12 / 02 / 2016

Why you should be asking why


Simon Allman




I once came across a brilliant poster which was designed for The Economist magazine quite a few years ago, the headline simply asked the question; ’What’s the worst thing we lose when we get older? Our hair? Our teeth? Our curiosity?’. The image was a silhouette of a young boy looking up at a spider whilst stood on the stacked typographic headline and it was crafted in the brutally simple art directional style that most of The Economist campaigns are set in.

The curiosity question this poster is asking has always stuck in my mind. The way a childs brain works is brilliant, so why do we stop asking why when we get older? Why do we become less curious and accept most things that come our way?

At Absolute, when we work with our clients on any new project, we always take the approach of asking ‘why?’. Creative people tend to do that by habit. We have to ask the right questions to unearth the solutions to many problems posed in a brief. At the studio we follow a principle discovered by Simon Sinek, which is a simple idea called ‘The Golden Circle’ and it helps us to understand why a business or brand exists.

A lot of businesses know ‘what’ they do, they always know ‘how’ they do it, but more often than not, they don’t know ‘why’ they do it. The problem is that what and how do not inspire action. Starting with what usually means starting with facts, figures or results, but starting with why inspires belief in a brand or a business. People don’t buy what you do, they buy why you do what you do.

One client of ours who is now an advocate of ‘The Golden Circle’ is Ian Williams, the Marketing Manager at Incorez, an industry leading manufacturer of polyurethane and epoxy technology. They supply their products globally, but most importantly they work closely with their customers and ask the right questions to produce the right solutions for them. They call this ‘Custom Chemistry’ and this is their point of differentiation. We collaborated with Ian and his team to help articulate the positioning of Incorez and we also helped to define their ‘why’. Now they can explain what their company does in a few simple sentences.

Ian has recently written an article for Incorez which articulates the ‘Why’ principle nicely. We wanted to share this article to spread the word and get more people understanding ‘why you do what you do’.

Why you should be asking why

I’m sure we all remember as kids endlessly uttering the words “but why?” to our parents. Children have an innocent curiosity about the world around them and understandably want to know more about it. As parents we want our children to have the best start in life and so to try to and satisfy their curiosity we attempt to answer all their “but why?” questions even if it means resorting to “because it is!”. Although, as parents we should embrace their thirst for knowledge, the novelty quickly wears off when your child arrives home with their algebra homework and expects you to help.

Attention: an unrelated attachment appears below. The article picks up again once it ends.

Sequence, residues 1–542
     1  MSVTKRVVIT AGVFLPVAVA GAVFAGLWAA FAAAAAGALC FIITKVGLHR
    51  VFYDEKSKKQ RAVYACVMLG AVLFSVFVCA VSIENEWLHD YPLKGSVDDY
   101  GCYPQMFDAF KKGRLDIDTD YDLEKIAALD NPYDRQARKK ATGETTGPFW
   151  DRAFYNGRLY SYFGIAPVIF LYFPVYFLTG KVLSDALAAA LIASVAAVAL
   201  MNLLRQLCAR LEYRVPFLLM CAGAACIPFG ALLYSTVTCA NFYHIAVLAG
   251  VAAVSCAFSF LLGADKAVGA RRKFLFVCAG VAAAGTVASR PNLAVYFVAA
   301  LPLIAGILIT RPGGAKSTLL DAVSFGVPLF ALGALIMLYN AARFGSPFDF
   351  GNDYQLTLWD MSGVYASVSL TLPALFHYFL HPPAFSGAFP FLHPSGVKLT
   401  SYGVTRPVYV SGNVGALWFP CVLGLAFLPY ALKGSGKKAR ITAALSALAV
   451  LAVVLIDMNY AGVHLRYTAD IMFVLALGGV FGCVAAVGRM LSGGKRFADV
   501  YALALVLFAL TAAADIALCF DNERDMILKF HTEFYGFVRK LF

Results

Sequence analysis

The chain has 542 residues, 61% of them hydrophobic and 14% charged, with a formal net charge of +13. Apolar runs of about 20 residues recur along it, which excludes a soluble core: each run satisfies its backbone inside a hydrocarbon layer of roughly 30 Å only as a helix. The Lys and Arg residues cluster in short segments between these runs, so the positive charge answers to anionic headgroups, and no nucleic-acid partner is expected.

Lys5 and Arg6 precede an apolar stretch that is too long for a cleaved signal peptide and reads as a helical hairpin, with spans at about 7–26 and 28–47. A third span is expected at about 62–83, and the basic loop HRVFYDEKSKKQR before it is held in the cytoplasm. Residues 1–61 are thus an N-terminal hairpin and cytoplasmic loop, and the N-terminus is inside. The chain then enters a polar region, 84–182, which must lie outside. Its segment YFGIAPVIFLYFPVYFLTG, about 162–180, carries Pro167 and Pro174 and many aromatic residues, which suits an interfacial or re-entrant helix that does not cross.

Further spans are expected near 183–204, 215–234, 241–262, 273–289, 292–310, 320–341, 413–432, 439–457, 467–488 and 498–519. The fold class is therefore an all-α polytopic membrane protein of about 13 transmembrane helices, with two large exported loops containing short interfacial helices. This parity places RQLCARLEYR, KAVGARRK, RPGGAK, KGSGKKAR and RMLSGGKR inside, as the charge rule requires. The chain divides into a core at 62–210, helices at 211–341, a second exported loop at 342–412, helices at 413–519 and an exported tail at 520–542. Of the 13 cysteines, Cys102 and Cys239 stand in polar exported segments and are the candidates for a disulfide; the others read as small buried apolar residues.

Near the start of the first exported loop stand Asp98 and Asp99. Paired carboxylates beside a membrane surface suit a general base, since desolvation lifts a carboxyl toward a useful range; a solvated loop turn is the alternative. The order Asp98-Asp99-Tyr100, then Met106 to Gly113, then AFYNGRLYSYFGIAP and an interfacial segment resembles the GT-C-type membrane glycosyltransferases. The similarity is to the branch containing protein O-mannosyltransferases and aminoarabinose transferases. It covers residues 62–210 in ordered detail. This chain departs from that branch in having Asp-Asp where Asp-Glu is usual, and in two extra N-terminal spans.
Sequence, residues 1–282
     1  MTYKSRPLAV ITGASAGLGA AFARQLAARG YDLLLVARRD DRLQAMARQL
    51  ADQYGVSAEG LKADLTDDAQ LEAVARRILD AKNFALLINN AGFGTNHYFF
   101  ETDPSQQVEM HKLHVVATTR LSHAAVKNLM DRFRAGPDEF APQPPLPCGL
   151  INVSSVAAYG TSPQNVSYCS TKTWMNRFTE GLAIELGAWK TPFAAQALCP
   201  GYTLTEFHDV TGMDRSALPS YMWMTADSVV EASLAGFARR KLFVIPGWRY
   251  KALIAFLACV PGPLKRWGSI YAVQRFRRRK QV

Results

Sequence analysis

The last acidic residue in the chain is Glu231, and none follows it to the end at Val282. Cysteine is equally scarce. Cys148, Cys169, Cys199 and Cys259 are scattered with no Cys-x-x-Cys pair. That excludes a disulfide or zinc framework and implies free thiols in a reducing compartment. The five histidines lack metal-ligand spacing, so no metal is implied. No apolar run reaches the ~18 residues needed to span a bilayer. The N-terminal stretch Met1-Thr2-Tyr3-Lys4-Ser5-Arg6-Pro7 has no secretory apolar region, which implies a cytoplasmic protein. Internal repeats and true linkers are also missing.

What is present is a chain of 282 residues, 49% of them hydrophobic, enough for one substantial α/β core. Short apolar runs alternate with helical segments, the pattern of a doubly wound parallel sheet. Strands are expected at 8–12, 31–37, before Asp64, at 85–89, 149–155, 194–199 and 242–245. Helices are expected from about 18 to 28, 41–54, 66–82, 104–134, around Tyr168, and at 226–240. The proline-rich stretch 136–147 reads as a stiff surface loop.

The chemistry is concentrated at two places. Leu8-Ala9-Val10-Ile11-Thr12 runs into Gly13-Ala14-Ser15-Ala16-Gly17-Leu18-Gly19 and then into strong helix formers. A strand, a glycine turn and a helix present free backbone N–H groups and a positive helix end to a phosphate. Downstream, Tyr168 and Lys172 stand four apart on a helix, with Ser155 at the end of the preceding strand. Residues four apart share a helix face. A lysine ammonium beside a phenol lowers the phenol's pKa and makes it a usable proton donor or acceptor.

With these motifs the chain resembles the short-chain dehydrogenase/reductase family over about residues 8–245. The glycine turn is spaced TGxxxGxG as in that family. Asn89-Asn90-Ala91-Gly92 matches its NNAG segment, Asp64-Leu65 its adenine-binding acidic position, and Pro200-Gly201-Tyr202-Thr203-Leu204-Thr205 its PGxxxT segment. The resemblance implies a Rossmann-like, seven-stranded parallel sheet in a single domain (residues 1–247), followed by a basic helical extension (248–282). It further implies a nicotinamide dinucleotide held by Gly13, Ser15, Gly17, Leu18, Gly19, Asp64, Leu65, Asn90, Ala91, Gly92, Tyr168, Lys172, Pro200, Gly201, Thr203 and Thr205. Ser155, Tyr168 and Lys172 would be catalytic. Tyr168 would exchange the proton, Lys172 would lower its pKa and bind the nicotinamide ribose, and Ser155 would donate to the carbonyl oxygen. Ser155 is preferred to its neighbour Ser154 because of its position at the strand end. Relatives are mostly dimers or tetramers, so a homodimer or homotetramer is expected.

Reflecting back on those early days in our lives, perhaps, as kids, we were onto something. Perhaps, as adults, we should take a leaf out of their book and start to ask why a bit more often. As marketers we should be particularly inquisitive and think more about the whys that affect and influence our business. A good start point would be why does this business exist? Why do we have the customers that we have? Why do they not buy from our competitors? Why do our products exist? Why did we develop them? At first glance these may seem like obvious questions and the easy answer is to say “we’re in business to make money”. But revenues and profits are just consequences of the actions you take. Take a step back and really think about the answers to these (and other) why questions about your business and it might not be as straightforward as you think.

Every organisation or individual knows what they do. For organisations it is the products they sell or services they offer. For individuals it is their job function or role. Some organisations and individuals know how they do what they do. They may refer to it as their “differentiating value proposition,” “proprietary process,” or “unique selling proposition (USP).” These hows are the things that set them apart from the competition, the things that make them different. Very few people or organisations can clearly articulate why they do what they do. Why is a purpose, a cause or a belief. It provides a clear answer to questions like “why does my organisation exist?” and “why does that matter to anyone else?” It is the whys that inspire us and the whys that form an emotional connection with your customers. If you don’t know why you do what you do, how can you expect anyone else to know?

Let’s look at products. Communicating the features and benefits or technical specification of a product makes rational sense. But these are the whats and hows and do not inspire action. People do not make decisions based on facts and figures alone. Brand loyalty exists for this very reason. By starting with the why (your cause or belief) you communicate in a way that drives decision making and behaviour.
When organisations clearly understand their why, then align it with the how and what and communicate the message to their customers, they will not only inspire them to buy now but over time build brand loyalty and trust.

Do you know your why?